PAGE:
Ross Garfield is the Drum Doctors and you’ve heard his drum sounds on platinum recordings from Bruce Springsteen, Rod Stewart, Metallica, Dwight Yoakam, Red Hot Chili Peppers, Foo Fighters, Lenny Kravitiz, Michael Jackson and many, many more.
Ross was kind enough to do an interview for The Recording Engineer’s Handbook, but I’ve featured some of his tips in other books like The Drum Recording Handbook, The Touring Musician’s Handbook, and The Music Producer’s Handbook as well.
If you’re doing a session in Los Angeles and you want your drums to instantly sound great, then your first call is to the Drum Doctors to either rent a fantastic sounding kit, or have your kit tuned.
1. If the snares buzz when the toms are hit:
— Check that the snares are straight.
— Check to see whether the snares are flat and centered on the drum.
— Loosen the bottom head.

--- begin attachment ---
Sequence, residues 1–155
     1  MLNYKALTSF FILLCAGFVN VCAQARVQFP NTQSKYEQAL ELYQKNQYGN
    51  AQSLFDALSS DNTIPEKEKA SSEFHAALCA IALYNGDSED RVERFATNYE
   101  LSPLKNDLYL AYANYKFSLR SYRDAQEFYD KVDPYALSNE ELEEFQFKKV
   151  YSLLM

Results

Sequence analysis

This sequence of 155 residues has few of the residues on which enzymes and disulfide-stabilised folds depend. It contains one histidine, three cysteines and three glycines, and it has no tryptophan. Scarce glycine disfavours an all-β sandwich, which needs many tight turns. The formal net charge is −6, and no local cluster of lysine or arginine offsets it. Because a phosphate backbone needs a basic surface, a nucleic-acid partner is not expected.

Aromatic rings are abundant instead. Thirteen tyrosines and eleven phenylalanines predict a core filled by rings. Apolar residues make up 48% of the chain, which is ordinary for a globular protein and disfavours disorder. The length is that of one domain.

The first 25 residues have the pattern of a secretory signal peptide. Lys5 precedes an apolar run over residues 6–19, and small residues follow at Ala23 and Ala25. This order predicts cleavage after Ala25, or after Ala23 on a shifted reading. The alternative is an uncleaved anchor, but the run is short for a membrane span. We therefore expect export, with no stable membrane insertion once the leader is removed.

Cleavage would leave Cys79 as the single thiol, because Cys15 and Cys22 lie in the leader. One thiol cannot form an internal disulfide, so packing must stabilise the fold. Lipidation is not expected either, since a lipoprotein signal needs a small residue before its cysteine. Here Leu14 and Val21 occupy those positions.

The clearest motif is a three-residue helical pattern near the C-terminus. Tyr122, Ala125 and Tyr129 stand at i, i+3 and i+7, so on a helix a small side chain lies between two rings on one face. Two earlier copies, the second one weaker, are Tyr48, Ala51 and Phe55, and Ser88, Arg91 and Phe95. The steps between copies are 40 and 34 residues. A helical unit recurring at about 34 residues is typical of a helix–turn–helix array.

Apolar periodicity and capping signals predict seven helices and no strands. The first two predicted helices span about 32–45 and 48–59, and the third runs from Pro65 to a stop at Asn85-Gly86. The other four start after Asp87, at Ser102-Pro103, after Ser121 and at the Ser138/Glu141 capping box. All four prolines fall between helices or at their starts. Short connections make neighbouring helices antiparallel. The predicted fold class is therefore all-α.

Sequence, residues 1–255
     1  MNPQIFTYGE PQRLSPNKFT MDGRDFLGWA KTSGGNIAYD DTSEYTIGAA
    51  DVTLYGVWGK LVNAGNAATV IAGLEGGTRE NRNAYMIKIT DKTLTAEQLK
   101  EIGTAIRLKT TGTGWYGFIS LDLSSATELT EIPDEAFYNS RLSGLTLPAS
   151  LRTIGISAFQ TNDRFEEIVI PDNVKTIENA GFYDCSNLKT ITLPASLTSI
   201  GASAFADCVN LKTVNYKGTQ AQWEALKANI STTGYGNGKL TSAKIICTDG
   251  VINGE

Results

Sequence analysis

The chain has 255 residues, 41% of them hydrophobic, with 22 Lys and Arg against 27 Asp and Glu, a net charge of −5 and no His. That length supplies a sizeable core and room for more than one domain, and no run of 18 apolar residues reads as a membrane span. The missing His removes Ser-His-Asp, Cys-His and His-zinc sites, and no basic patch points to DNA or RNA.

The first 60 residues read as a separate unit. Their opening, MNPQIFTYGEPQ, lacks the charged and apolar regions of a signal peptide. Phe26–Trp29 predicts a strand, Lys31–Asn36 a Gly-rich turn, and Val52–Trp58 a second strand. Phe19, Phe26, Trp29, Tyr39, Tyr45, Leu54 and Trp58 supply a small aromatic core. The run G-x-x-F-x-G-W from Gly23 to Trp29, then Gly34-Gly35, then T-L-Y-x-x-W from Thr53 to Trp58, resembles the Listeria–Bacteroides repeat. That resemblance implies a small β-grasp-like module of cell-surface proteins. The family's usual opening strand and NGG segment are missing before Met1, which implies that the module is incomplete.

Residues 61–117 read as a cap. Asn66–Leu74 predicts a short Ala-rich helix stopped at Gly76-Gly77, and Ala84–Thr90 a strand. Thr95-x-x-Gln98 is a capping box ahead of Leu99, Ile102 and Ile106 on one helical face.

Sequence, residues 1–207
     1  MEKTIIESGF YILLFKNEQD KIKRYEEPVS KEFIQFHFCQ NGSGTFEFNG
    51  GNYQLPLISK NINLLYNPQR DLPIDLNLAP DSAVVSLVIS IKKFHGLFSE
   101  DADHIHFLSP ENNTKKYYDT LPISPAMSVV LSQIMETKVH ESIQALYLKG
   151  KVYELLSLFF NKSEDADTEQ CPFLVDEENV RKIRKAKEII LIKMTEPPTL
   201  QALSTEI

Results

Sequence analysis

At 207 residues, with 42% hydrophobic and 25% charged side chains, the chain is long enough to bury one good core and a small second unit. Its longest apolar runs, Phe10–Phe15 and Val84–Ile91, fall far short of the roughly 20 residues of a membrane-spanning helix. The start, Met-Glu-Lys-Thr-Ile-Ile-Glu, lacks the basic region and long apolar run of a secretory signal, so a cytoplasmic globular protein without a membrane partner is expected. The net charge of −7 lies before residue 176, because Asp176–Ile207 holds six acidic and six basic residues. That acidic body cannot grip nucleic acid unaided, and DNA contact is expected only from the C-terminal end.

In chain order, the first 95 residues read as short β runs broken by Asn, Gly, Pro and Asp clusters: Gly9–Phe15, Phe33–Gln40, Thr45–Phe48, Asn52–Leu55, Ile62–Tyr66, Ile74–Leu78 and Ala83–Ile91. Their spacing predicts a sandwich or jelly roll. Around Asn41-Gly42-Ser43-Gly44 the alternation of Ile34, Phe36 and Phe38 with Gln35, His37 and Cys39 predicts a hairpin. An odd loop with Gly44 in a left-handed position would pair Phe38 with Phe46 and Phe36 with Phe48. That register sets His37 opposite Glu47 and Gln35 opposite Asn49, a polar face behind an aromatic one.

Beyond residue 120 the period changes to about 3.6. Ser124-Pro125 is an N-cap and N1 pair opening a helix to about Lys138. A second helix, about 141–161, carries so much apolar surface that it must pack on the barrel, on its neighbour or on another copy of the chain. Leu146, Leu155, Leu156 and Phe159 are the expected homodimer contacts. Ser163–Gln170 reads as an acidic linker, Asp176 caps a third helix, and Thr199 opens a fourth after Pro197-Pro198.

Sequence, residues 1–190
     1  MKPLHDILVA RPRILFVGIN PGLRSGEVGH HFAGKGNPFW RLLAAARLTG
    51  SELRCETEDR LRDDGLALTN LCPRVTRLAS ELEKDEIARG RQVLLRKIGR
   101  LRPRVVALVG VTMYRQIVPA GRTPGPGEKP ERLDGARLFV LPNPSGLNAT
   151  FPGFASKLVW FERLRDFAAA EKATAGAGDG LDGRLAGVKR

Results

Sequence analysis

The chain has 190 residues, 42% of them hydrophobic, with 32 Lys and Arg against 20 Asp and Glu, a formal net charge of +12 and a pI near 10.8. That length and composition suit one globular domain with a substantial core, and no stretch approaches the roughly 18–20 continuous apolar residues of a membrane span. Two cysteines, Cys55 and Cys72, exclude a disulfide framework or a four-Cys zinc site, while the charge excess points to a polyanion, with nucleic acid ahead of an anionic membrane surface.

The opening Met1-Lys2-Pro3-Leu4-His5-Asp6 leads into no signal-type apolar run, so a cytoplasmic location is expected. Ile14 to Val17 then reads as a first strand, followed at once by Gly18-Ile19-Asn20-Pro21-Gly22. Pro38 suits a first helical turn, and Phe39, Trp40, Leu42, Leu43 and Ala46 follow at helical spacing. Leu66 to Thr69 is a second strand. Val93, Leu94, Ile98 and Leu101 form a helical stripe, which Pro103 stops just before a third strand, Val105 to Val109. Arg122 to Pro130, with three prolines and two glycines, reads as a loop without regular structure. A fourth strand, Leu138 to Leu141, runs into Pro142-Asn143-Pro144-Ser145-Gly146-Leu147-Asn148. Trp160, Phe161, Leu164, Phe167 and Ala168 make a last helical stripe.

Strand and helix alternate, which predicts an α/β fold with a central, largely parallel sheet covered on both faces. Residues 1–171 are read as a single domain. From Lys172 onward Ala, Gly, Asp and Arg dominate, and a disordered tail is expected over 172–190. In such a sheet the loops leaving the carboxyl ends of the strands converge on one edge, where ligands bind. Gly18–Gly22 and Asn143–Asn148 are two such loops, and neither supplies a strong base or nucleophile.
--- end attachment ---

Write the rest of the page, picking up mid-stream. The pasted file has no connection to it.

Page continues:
— Retune the offending toms.
— Use an alternate snare drum.
2. If the snare has too much ring:
— Tune the heads lower.
— Use a heavier head, such as a coated Remo Emperor.
— Use a full or partial muffling ring, or add some tape or Moongel.
3. If the kick drum isn’t punchy and lacks power in the context of the music:
— Try increasing and decreasing the amount of muffling in the drum, a sandbag, or try a different blanket or pillow.
— Change to a heavier, uncoated head, such as a clear Emperor or Powerstroke 3.
— Change to a thinner front head or one with a larger cutout.
4. If one or more of the toms are difficult to tune or have an unwanted “growl”:
— Check the top heads for dents and replace as necessary.
— Check the evenness of tension all around on the top and bottom heads.
— Tighten the bottom head.
These are just some quick tips, and you can find more extensive tuning techniques from the Drum Doctor in my Recording Engineer’s Handbook 4th edition. You can read more from that and my other books on the excerpt section of bobbyowsinski.com.
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